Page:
In the second circulation, the mud weight increases, but causes a decrease from the initial pumping pressure at Point 1, to the final circulating pressure at Point 2. This pressure is held constant while the annulus is displaced with kill mud.
This method is the most difficult to execute properly (see Fig. 3). As soon as the kick is shut in and the pressures are read, pumping immediately begins. The mud density is increased as rapidly as rig facilities will allow. The difficulty is determining the mud density being circulated and its relative position in the drillpipe. Because this position determines the drillpipe pressures, the rate of pressure decrease may not be as consistent as in the other two methods. As a new density arrives at the bit, or a predetermined depth, the drillpipe pressure is decreased by an amount equal to the hydrostatic pressure of the new mud-weight increment. When the drillpipe is displaced with kill mud, the pumping pressure is maintained constant until kill mud reaches the flow line.
Choosing the best method for well control
Determining the best well-control method for most situations involves several considerations including the time required to execute the kill procedure, the surface pressures from the kick, the complexity relative to the ease of implementation, and the downhole stresses applied to the formation during the kick-killing process. All points must be analyzed before a procedure can be selected. The following list briefly summarizes the general opinion in the industry regarding these methods:
- The one-circulation method should be used in most cases.
- The two-circulation method should be used if a good casing shoe exists and there is going to be a delay in weighting up the system.
The concurrent method should be used only in rare cases, such as for a severe (1.5 lbm/gal or greater) kick with a large influx and a potential problem with developing lost circulation. In this case, the pump rate should be kept to a minimum to allow the weight to be raised continuously. In an analysis of kick-killing procedures, emphasis is placed on the one- and two-circulation methods (i.e., the wait-and-weight method and the driller ’ s method, respectively). Inspection of the procedures will show that these are opposite approaches, while the concurrent method falls somewhere in between.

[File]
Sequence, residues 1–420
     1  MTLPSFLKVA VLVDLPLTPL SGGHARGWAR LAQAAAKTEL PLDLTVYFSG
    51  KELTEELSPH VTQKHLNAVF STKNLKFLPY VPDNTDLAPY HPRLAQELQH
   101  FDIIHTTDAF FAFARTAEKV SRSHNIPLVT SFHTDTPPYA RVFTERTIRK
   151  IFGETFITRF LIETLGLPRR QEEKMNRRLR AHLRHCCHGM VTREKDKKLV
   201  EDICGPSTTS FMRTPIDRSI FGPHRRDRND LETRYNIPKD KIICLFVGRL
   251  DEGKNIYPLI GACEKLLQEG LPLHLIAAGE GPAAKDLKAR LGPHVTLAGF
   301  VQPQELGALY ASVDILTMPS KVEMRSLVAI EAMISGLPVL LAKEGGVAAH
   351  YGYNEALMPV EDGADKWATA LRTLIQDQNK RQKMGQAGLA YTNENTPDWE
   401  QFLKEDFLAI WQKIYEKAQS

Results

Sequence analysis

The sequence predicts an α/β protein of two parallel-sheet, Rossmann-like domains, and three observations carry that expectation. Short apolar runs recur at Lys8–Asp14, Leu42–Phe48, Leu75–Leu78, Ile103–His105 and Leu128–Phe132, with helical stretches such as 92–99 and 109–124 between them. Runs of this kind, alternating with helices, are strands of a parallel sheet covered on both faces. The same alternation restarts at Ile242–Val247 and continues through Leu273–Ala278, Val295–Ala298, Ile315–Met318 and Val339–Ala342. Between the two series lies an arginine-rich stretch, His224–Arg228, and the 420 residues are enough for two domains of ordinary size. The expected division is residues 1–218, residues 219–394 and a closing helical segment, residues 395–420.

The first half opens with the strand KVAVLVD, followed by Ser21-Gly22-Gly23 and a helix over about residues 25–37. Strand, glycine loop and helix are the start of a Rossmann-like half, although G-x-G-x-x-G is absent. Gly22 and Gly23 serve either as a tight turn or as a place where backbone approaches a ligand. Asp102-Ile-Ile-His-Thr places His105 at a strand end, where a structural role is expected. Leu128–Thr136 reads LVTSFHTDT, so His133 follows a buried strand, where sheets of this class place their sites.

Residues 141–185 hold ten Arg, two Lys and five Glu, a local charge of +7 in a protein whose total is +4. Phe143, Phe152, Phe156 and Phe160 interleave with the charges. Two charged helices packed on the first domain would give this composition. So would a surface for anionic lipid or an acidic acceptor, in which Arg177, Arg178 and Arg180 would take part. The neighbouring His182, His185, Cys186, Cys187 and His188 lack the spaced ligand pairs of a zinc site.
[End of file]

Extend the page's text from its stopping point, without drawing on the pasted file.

Two important considerations relative to time are required for the kill procedure: initial wait time and overall time required. The first concern with time is the amount required to increase the mud density from the original weight to the final kill-weight mud. Because some operators are very concerned with pipe sticking during this time, the well-control procedure that minimizes the initial wait time is often chosen. These are the concurrent method and the two-circulation method. In both procedures, pumping begins immediately after the shut-in pressures are recorded.
The other important time consideration is the overall time required for the complete procedure to be implemented. Fig. 1 shows that the one-circulation method requires one complete fluid displacement (i.e., within the drillpipe and the annulus), while the two-circulation method (Fig. 2) requires the annulus to be displaced twice, in addition to the drillpipe displacement. In certain situations, extra time for the two-circulation method may be extensive with respect to hole stability or preventer wear.
During the course of well killing, surface pressures may approach alarming heights. This may be a problem in gas-volume expansion near the surface. The kill procedure with the least surface pressure required to balance the bottomhole formation pressure is important.
Figs. 4 and 5 show the different surface-pressure requirements for several kick situations. The first major difference is noted immediately after the drillpipe is displaced with kill mud. The amount of casing pressure required begins to decrease because of the increased kill-mud hydrostatic pressure during the one-circulation procedure. This decrease is not seen in the two-circulation method because this procedure does not circulate kill mud initially. In fact, in the two-circulation method, the casing pressure increases as the gas-bubble expansion displaces mud from the hole.